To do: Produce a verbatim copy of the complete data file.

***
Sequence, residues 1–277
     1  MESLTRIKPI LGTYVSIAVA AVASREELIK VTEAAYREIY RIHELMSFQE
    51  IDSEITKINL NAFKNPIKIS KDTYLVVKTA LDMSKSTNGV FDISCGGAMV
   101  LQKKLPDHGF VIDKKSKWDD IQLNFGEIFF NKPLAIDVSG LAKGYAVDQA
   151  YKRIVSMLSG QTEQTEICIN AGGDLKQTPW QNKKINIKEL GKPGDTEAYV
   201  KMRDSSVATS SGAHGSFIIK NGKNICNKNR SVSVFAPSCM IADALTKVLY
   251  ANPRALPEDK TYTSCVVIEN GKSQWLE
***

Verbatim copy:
Sequence, residues 1–277
     1  MESLTRIKPI LGTYVSIAVA AVASREELIK VTEAAYREIY RIHELMSFQE
    51  IDSEITKINL NAFKNPIKIS KDTYLVVKTA LDMSKSTNGV FDISCGGAMV
   101  LQKKLPDHGF VIDKKSKWDD IQLNFGEIFF NKPLAIDVSG LAKGYAVDQA
   151  YKRIVSMLSG QTEQTEICIN AGGDLKQTPW QNKKINIKEL GKPGDTEAYV
   201  KMRDSSVATS SGAHGSFIIK NGKNICNKNR SVSVFAPSCM IADALTKVLY
   251  ANPRALPEDK TYTSCVVIEN GKSQWLE